This estimation is issued by the Foundation for the Worker’s Representatives.
Trade unions demand that safety representatives shall be elected in SMEs too. The National Confederation of Hungarian Trade Unions (Magyar Szakszervezetek Országos Szövetsége, MSZOSZ) calls for the compulsory election of in workplaces with more than twenty employees, given the large share of SMEs in the economy. The proposal met fierce opposition from the employer side.
- Is H&S the current focus of legislation or did it evolve by incorporating “well-being at work” as the basic concept?
Most typically, enterprises strive to simply comply with the legal regulations, rather than outdo those. The approach “well-being at work” is applied by thriving businesses and/or multinational enterprises.
- The Community strategy health and safety at work for 2007-2012 calls upon the member states to work out and implement strategies to reduce the number of industrial accidents and occupational diseases; are the SMEs specially singled out in the national strategies and cooperation between social partners underlined / foreseen / called for?
The first occupational health and safety strategy is included in the Hungarian Programme of Occupational Safety and Health (A Munkavédelem Országos Programja, available in Hungarian at http://osha.europa.eu/fop/hungary/hu/systems/index.html/#programs), which covers the period 2002-2007. This programme recommends the election of safety and health representatives, as well as their training, and their provision with information and legal protection under labour law should be ensured.
The National Policy on Health and Safety at Work 2009-2012 (Nemzeti Munkavédelmi Politika 2009-2012) has laid down the principles of the strategy on health and safety at work, taking into account the Community Strategy which calls upon the member states to reduce the number of work-related accidents by 25%.
This national policy is currently undergoing consultations in the public administration system and has not been approved by the Hungarian Parliament yet. Although the current version of the policy paper, approved by the National Interest Reconciliation Council (Országos Érdekegyeztető Tanács, OÉT), does not single out SME-s, it proposes an analysis and preliminary investigations of the ways in which of the threshold may be lowered with respect to company size where the election of representatives would be mandatory or proposes to extend to the whole “organised work”.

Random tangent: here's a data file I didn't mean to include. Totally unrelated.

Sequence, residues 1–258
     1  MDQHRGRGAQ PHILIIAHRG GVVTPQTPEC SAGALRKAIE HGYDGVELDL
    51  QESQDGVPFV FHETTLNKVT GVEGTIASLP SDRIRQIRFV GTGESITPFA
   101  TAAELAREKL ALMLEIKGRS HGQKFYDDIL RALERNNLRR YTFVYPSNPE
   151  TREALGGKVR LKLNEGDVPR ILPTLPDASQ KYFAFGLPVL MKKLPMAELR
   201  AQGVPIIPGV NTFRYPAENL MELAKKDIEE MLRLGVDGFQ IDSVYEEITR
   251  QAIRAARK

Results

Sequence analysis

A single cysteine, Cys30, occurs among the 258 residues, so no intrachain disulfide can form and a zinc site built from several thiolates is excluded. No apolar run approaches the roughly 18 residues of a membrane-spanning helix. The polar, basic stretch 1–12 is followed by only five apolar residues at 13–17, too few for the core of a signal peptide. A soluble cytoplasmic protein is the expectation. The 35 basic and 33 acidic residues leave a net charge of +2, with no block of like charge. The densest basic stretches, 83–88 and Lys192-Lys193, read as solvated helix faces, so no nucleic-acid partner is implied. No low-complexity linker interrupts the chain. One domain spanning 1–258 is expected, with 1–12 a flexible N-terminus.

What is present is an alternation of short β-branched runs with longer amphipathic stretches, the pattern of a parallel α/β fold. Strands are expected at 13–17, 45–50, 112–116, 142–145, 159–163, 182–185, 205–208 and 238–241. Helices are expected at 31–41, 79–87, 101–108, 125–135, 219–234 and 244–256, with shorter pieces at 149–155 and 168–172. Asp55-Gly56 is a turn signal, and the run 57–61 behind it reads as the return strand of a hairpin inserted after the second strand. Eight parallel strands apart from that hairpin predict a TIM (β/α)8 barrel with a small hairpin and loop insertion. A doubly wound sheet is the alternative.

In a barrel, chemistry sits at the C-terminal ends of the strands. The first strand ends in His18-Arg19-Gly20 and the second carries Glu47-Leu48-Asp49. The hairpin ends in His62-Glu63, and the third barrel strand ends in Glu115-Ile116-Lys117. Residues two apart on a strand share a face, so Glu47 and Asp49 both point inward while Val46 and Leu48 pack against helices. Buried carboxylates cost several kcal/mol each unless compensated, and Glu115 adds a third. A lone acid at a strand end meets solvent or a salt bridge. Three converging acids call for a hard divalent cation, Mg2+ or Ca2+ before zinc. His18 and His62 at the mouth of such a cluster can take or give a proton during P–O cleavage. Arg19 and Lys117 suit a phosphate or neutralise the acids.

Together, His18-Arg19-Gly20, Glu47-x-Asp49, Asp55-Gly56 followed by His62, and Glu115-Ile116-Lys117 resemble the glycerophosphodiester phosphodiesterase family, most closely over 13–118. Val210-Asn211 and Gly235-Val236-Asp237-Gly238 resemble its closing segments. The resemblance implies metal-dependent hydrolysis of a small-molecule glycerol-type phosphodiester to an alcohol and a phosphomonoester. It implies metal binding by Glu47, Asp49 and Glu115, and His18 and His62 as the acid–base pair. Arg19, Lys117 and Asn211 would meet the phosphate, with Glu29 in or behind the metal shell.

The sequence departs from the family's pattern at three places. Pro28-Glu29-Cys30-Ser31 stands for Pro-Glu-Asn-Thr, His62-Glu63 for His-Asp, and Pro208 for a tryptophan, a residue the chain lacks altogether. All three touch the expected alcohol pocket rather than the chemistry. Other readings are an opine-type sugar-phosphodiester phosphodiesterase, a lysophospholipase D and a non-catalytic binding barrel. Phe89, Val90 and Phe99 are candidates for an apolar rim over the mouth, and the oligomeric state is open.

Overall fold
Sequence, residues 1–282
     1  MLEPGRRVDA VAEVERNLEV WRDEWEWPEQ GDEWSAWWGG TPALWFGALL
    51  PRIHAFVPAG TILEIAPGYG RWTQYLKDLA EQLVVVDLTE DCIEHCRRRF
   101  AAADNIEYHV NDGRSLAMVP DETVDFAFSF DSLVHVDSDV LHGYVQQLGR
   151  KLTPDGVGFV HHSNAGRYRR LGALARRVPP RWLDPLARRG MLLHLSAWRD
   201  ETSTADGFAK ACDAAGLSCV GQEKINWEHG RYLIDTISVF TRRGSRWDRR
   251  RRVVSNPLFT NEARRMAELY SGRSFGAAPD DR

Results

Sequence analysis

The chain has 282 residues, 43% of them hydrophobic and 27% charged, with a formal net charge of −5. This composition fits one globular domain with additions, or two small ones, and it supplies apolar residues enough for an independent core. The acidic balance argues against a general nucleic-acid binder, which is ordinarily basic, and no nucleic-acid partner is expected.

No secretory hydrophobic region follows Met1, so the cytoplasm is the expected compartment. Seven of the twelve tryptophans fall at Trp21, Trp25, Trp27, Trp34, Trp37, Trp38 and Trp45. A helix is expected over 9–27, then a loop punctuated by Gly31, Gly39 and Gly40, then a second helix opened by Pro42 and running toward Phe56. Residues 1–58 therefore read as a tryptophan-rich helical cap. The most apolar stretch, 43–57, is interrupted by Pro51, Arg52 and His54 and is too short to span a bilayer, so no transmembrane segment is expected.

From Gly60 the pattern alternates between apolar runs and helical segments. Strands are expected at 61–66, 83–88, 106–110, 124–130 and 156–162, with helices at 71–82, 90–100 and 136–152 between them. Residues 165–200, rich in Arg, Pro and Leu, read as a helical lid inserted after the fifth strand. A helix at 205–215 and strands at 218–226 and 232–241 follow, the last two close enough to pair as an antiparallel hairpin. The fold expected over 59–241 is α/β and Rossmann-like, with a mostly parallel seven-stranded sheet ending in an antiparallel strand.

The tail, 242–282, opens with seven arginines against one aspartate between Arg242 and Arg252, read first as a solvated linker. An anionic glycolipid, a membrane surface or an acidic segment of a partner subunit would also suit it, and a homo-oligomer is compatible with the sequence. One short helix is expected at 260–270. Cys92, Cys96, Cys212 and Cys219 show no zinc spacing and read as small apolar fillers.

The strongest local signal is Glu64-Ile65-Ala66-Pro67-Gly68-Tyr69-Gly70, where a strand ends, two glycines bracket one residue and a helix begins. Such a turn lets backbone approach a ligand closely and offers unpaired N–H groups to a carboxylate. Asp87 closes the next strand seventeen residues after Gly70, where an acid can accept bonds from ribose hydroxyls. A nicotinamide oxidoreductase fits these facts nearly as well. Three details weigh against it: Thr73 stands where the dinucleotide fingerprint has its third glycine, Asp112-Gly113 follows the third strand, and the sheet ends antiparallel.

According to this policy mentioned, there is a need for the
simplification of the election procedure,
voluntary registration of representatives,
setting up professional standards on the training of representatives.
2. The micro-level settings: the role of H&S representatives - From what level onwards / number of employees onwards, is it legally binding to establish an H&S Committee in the companies? What’s its role and function?
- From what level onwards / number of employees onwards are risk prevention representatives elected? Are they distinct representatives from H&S Committee and work councils?
The labour safety representatives, if there are at least three at a given enterprise, may establish a local labour safety committee. If a committee is established, the rights of labour safety representatives, if such rights affect all employees, shall be exercised by the committee.
The employer, or its duly authorized representative, shall attend the committee sessions if so requested by the committee.
The election of “risk prevention” representatives is not specified by the Hungarian law, but wherever they operate, they are entitled to execute activities such as “risk prevention”.
Workers’ representatives are entitled to inspect the enforcement of occupational safety and occupational health requirements at workplaces, with particular attention to the following:
safe condition of workplaces, work equipment and personal safety equipment;
the implementation of measures taken in order to protect health and to prevent accidents at work and occupational diseases;
the preparation and training of employees for occupational safety and occupational health at work.
Within the framework of exercising their rights, labour safety representatives are entitled to
enter the various units of the workplace during working hours and inquire among the employees working there;